Evaporation rates from square capillaries limited by corner flow viscous losses
MetadataShow full item record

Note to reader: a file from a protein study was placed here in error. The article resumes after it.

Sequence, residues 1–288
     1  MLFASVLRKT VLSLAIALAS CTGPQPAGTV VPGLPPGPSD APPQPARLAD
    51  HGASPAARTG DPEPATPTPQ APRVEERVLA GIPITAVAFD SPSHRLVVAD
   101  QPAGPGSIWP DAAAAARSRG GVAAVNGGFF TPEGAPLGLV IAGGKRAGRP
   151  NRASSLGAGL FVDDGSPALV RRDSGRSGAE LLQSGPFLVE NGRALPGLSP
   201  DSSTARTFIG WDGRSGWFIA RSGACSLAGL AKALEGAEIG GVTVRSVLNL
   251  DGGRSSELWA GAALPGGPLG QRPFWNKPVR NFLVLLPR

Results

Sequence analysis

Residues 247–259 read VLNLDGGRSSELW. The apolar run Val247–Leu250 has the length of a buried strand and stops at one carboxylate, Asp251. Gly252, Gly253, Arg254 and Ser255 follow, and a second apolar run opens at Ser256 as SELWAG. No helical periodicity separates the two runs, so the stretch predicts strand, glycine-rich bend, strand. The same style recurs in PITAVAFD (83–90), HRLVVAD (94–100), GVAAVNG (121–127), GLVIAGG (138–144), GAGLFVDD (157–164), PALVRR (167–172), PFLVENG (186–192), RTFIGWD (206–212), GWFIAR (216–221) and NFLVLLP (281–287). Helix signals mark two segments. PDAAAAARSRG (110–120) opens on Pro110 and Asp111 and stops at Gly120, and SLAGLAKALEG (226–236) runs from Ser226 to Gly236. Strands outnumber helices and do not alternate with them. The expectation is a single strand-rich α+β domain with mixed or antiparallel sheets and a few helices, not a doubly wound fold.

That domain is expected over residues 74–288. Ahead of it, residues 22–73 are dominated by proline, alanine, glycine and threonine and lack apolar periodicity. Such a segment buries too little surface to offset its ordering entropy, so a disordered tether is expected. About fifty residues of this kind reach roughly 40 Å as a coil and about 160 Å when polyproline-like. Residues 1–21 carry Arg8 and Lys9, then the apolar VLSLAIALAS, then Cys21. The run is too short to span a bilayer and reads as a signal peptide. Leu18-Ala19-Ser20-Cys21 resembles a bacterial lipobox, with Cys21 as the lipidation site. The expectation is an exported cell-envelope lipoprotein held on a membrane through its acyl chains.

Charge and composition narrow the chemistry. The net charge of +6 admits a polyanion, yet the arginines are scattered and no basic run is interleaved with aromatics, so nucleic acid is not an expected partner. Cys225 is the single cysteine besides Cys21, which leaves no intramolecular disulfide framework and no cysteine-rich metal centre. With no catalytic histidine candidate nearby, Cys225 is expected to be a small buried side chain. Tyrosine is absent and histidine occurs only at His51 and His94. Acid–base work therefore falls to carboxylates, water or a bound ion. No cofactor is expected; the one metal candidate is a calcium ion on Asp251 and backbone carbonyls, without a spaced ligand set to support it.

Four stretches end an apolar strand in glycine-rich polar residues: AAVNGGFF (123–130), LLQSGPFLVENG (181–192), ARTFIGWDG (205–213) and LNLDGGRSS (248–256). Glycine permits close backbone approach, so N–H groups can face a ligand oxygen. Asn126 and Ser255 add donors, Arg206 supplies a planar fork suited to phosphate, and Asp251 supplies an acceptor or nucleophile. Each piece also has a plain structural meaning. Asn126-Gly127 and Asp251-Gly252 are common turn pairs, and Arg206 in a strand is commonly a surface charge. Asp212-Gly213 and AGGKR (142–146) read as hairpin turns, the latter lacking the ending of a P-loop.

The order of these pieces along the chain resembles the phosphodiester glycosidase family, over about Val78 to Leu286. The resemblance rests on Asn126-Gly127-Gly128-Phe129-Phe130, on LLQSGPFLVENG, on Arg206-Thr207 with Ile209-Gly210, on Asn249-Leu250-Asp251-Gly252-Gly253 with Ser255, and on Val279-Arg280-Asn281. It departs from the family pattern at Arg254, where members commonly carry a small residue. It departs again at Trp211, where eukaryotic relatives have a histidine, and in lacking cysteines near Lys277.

Evaporation is an important process in water exchange between soil and atmosphere as well as applications in industry. Predictions of drying rates from porous media are very difficult due to its highly non-linear behavior with typically high and fairly constant drying rates in the beginning followed by a drop to low rates. The high drying rates at the first stage of drying are attributed to the presence of liquid patches retained in corners of the partially air filled pore space that are interconnected to form conductive pathways. Under increasingly dryer circumstances these liquid connections break leading to the diffusion dominated low drying rates of the second stage. The maximum extent of this corner flow region that determines the duration of the first stage is controlled by capillary forces opposed by gravity and viscous losses. To quantify these mechanisms, evaporation is studied from a single glass capillary with square cross section. Such geometry shows similar drying curve characteristics as macro-scale porous media with high rates as long as thick capillary sustained corner films extent between the receding meniscus and capillary surface. Increased flow resistance and gravity force as drying proceeds lead to film break-up at certain characteristic meniscus depth LC. LC was studied experimentally for drying of liquids ethanol and water from different capillary sizes under a range of evaporation rates and capillary inclination angles. This way the forces determining the extent of the corner films were changed systematically. Break-up of films as well as evolution of main meniscus depth were monitored to deduce LC and drying rates. For ethanol initial evaporation rates were in the order of 1000 mm/day and dropped abruptly when the corner films broke up. Increasing the evaporation rate led to a shortening of the films, whereas with decreasing gravity component the films became significantly longer. Maximum corner film extent for water was much shorter and mainly limited by corner geometry due to its high contact angle of 30°. Model predictions on LC based on force balance and corner flow equations gave good results that were in accordance with the experimental data. The roundedness of the capillary corners had a large influence on maximum film length by limiting the curvature of the liquid interface at the capillary surface. This roundedness represents a critical pore size in real porous media that determines the maximum extent of the corner film region.